71 Hudson, The Southeastern Indians, 436-437. Braund, Deerskins & Duffels.
defeat the Chickasaw. French officials also worked with the Creek communities
in hopes of weakening their long-standing relationships with the English.
The Creek, for their part, adeptly played the Europeans off one another.
Between 1711 and 1718, various Creek communities promised friendship or
considered treaties and trade relationships with the English, Spanish, and
French. The French understood that treaties with the Creek had to be made at
the community level; to their detriment, England and Spain gradually discovered
this requirement. By remaining neutral in the various European conflicts, the
Creek maintained their independence and strength.72 The Creek Confederation
played an important role in the larger conflicts for control of the Southeast, while
other Indian nations assumed a more active role in the fight for the Southern
borderlands despite what Europe thought it understood as reality.
In the contest to settle the open territory between Florida and Carolina,
Europeans did not view Indian nations as potential settlers. The Spanish,
French, and English all imagined Indian communities as potential allies or
military partners in the European struggle to colonize. From the perspective of
European diplomats in the eighteenth century, not unlike contemporary
historians, Indians were typically denied the ability to colonize. Either we
assume Native communities had historical rights to the land they desired, or they
72 This independence, however, rested in the shadows of the forts constructed by
England, Spain, and France. The French completed Fort Toulouse by 1715. In hopes of
checking English and French expansion, Spain and its Creek allies began building Fort
Coweta the following year. When England secured an alliance with a larger Creek
faction in 1717, the English started building outposts on the western frontier and the
Spanish project ended. Although the Creek remained fairly neutral overall, they
gradually favored the English. See Corkran, The Creek Frontier, 60, 62, 64-67.
are seen as pawns in Europe's conflicts for control of North America.73 Despite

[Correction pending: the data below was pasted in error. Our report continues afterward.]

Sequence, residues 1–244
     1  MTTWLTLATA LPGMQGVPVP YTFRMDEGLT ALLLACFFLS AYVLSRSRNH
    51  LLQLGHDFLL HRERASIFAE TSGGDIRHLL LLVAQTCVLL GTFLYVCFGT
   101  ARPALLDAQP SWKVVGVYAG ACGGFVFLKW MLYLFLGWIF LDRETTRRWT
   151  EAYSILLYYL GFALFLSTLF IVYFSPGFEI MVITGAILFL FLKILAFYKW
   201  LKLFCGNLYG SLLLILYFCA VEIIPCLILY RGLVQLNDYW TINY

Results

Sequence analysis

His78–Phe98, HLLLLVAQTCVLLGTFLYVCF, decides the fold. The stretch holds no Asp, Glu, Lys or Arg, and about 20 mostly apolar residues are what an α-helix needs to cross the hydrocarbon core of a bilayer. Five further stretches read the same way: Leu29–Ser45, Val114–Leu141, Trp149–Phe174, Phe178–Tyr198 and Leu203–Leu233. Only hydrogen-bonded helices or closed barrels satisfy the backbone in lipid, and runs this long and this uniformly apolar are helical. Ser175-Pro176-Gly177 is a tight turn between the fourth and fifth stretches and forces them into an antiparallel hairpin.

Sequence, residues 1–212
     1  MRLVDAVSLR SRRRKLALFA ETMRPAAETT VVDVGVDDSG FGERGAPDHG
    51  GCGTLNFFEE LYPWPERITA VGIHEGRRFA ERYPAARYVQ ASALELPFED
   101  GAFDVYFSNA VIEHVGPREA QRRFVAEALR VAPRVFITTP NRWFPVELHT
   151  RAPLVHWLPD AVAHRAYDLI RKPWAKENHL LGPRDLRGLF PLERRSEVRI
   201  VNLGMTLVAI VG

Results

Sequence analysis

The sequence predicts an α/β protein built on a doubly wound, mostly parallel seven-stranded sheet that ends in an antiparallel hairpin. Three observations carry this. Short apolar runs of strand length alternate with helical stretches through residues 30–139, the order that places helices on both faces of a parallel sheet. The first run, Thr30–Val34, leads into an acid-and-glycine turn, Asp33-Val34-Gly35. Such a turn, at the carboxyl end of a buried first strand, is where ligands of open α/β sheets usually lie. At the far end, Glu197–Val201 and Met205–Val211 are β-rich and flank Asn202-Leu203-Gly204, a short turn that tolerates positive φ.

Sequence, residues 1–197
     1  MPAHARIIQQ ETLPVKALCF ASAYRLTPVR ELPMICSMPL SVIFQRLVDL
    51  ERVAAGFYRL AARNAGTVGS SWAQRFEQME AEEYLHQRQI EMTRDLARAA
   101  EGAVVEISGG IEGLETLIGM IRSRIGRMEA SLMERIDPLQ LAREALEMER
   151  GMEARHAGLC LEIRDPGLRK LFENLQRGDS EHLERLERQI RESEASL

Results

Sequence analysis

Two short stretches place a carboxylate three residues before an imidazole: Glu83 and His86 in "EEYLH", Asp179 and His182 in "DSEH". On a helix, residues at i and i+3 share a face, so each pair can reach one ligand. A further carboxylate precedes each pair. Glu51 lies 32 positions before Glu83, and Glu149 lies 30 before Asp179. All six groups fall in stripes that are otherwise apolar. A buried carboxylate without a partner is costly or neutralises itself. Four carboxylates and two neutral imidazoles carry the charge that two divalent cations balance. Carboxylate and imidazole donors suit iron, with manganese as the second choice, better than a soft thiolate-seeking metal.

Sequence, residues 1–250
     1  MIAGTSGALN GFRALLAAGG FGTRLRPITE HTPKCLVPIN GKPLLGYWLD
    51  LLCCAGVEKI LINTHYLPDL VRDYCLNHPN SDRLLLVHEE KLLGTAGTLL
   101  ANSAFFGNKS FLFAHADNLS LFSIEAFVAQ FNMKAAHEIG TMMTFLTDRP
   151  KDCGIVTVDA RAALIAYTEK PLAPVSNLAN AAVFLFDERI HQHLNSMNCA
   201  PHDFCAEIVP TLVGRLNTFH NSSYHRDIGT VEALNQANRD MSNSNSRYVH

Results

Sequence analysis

these assumptions, Europeans who sought control of the Southern frontier in the
early eighteenth century often treated Native communities as essential partners
for peace, prosperity, and security. They provided Europeans with the most
essential needs. If a Creek town decided not to sell its deerskins to an English
trader, but sold its goods to a French agent instead, then certain English subjects
73 Recent scholarship has changed the image of the repressed Indian to the
empowered. Within the last twenty years, scholarship has acknowledged the role Native
Americans played in the construction of North America, but the idea that Indians acted
on their own desires to control land, and thus assume the characteristics of colonizer is
rare. Although there are numerous volumes that consider Indian power on the colonial
frontiers some the following provide a brief overview of the historical problem, Richard
White, The Middle Ground: Indians, empires, and Republics in the Great Lakes Region,
1650-1815 (Cambridge, Cambridge University Press, 1991), Colin G. Calloway, New
Worldsfor All: Indians, Europeans and the Remaking of Early America Baltimore: The
Johns Hopkins Press, 1997); Saunt, A New Order of Things. Certainly, historians have
considered the effects of internal warfare and territorial grabs based on the politics
within the larger Native American community, but Native settlement is rarely viewed as
a colonizing activity. Prior to the establishment of Georgia, certain actions in the
Southeast might be considered attempts at colonizing the open frontier. Recent work
concerning the rise of Southeastern tribes in the wake of the devastating Indian Slave
trade considers these possibilities, but this type of activity in not considered a
colonization effort. If we are to assume that Native Americans could not be colonizers
because colonization is the provenance of European ideals and desires than we deny